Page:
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 Table of Contents  
ORIGINAL ARTICLE
Year : 2021  |  Volume : 59  |  Issue : 2  |  Page : 164-168

Ocular manifestations of psoriasis: A case-control study


1 Department of Ophthalmology, IMS and SUM Hospital, Bhubaneswar, Odisha, India
2 Department of Dermatology, IMS and SUM Hospital, Bhubaneswar, Odisha, India

Date of Submission20-Jan-2021
Date of Acceptance01-Apr-2021
Date of Web Publication24-Jun-2021

Correspondence Address:
Dr. Jasmita Satapathy
Department of Ophthalmology, IMS and SUM Hospital, Bhubaneswar - 751 003, Odisha
India
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Source of Support: None, Conflict of Interest: None


DOI: 10.4103/tjosr.tjosr_7_21

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  Abstract 


Background: Psoriasis is primarily a skin disorder with many extracutaneous manifestations. Relationship between eye lesions and psoriasis has been reported in literature. However, much data are not available on ocular manifestations of psoriasis in the Indian population. Objective: The objectives of this study were to assess the frequency of ocular manifestations in psoriasis and to correlate it with factors such as age, gender, duration of disease, type of psoriasis, and severity of psoriasis. Materials and Methods: A total of 100 patients with psoriasis and 100 healthy controls were enrolled in the study. Clinical types of psoriasis, duration of disease, site of involvement, and severity of psoriasis were noted. Slit lamp examination, fluorescein staining of ocular surface, and fundoscopy were done for both groups. Dry eye evaluation was performed by measuring the values of Schirmer 1 and tear film breakup time. Results: Prevalence rate of ocular involvement in psoriasis was found to be 61% as compared to 30% in controls. Most common ocular finding was conjunctival hyperaemia (47%) followed by dry eye (36%) and blepharitis (27%). Scalp psoriasis was found to be significantly associated with blepharitis (P < 0.0001). There was corneal involvement in 9 cases and uveitis in three cases. No correlation was found between the frequency of ocular manifestations and factors such as age, gender, duration, and the severity of psoriasis. Conclusion: Ocular manifestations in psoriasis are common and they affect mostly the anterior segment of the eye. Routine ophthalmological evaluation is important in these patients for early diagnosis, which in turn can prevent sight threatening complications.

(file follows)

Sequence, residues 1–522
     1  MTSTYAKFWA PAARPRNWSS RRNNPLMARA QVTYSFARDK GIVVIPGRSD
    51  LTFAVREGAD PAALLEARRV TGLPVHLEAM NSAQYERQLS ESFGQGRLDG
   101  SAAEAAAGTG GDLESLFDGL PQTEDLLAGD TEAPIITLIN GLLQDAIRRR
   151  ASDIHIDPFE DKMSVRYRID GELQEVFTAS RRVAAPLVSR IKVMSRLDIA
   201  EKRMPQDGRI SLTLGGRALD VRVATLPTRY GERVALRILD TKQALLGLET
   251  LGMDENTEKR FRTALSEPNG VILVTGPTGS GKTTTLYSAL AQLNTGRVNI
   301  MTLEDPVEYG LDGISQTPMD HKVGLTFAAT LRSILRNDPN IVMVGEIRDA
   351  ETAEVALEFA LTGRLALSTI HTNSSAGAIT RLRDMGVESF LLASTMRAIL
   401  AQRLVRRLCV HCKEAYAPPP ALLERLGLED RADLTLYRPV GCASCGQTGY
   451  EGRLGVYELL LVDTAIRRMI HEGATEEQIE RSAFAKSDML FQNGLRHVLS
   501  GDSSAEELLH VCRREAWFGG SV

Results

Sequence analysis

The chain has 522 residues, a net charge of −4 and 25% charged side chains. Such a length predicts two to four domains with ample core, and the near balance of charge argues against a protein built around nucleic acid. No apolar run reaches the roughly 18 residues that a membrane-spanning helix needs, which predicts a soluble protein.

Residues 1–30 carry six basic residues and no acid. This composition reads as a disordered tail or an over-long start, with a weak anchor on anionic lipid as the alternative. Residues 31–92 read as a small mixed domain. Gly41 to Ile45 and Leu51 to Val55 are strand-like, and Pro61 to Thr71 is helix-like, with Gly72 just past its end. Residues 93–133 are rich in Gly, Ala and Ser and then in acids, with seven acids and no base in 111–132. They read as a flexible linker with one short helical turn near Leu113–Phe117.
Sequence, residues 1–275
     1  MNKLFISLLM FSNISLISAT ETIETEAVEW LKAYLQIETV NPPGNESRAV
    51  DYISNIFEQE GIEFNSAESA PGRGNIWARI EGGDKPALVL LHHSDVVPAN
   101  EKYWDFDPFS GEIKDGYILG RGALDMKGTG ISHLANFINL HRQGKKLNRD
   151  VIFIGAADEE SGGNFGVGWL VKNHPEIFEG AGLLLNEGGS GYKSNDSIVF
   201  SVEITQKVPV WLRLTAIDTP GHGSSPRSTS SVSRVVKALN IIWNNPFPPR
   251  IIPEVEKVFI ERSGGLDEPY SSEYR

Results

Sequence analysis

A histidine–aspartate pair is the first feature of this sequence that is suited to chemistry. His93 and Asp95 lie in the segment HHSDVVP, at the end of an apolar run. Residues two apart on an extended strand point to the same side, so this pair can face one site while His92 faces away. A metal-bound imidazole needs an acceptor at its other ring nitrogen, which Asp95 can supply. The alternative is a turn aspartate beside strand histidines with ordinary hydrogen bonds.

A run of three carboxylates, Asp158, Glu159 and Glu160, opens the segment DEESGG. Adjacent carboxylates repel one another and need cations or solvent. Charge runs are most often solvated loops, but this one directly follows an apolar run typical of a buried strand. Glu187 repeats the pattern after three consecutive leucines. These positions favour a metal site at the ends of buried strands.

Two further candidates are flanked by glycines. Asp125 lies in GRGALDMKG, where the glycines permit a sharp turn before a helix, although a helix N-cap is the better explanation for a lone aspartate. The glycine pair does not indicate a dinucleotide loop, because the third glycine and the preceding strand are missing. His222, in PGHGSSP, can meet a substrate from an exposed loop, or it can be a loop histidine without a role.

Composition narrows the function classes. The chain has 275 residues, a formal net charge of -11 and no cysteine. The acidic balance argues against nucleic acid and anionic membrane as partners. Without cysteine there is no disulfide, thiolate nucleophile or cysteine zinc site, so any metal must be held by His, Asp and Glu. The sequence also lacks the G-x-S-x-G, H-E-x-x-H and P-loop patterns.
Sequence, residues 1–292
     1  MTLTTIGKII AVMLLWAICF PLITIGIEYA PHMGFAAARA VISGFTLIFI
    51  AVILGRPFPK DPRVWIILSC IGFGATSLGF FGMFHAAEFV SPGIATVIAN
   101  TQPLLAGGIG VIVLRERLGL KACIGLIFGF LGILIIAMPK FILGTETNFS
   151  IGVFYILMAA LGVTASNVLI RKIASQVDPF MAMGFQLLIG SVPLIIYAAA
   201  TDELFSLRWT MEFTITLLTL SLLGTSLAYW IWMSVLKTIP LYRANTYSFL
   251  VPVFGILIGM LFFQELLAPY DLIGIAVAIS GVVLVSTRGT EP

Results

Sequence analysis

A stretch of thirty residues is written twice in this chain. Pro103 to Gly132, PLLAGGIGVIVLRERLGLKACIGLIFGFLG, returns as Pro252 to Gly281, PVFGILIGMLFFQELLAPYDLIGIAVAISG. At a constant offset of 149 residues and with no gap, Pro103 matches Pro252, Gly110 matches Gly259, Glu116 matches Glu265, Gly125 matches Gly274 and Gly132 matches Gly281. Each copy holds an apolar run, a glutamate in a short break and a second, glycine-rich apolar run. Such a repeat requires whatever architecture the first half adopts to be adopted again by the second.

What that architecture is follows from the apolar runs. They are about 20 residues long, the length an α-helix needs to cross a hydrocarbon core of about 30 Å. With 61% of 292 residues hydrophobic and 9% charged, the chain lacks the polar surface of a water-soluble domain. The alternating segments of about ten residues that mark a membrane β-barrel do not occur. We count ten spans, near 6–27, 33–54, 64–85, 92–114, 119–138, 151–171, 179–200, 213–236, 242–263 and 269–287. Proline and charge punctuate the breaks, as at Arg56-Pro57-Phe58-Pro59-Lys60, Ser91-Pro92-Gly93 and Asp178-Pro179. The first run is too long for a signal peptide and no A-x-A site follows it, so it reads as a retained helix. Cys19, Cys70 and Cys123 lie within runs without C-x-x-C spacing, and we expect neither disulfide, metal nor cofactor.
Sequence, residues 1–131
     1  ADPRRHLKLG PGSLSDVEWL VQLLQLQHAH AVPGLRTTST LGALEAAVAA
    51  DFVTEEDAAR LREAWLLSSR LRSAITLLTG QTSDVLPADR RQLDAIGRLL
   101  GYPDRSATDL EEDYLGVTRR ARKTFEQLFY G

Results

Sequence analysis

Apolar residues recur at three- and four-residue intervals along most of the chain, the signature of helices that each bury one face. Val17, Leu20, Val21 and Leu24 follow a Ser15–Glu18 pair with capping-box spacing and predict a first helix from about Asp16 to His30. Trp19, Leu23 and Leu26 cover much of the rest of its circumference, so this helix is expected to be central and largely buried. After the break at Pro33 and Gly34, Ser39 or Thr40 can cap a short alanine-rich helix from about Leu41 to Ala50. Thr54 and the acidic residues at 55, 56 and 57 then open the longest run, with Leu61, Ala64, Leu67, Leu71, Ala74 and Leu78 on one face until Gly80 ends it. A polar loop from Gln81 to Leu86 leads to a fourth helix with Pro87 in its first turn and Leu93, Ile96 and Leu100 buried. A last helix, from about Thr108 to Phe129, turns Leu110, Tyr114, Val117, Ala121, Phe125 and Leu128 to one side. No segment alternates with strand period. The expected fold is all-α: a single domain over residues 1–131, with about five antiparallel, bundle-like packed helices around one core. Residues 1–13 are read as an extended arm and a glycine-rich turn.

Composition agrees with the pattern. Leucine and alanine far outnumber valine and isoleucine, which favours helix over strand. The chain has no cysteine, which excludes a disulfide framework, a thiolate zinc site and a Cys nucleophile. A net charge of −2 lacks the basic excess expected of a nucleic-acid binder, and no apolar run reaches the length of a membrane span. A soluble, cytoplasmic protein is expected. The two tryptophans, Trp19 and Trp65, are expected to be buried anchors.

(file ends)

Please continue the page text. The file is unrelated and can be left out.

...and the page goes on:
Keywords: Blepharitis, ocular involvement, psoriasis, psoriasis area and severity index score


How to cite this article:
Shah RD, Satapathy J, Panigrahi PK, Kar BR, Mohapatra RC. Ocular manifestations of psoriasis: A case-control study. TNOA J Ophthalmic Sci Res 2021;59:164-8

How to cite this URL:
Shah RD, Satapathy J, Panigrahi PK, Kar BR, Mohapatra RC. Ocular manifestations of psoriasis: A case-control study. TNOA J Ophthalmic Sci Res [serial online] 2021 [cited 2021 Jul 27];59:164-8. Available from: https://www.tnoajosr.com/text.asp?2021/59/2/164/319265




  Introduction Top


Psoriasis is a chronic, relapsing inflammatory disorder that affects around 0.1%–3% of the global population.[1],[2] Different environmental conditions (extremes of temperature), dietary habits and genetic differences are found to play a major role in its prevalence. In India, the prevalence of psoriasis varies from 0.44% to 2.8%.[2] It commonly affects skin, nails, joints and has various systemic associations including the eye. A number of studies have been reported worldwide, but they are mostly from Europe and far east Asia.[3],[4],[5],[6],[7] Literature is sparse on this issue as far as data from Indian subcontinent are concerned. This study reveals the ocular manifestations of psoriasis from Eastern India.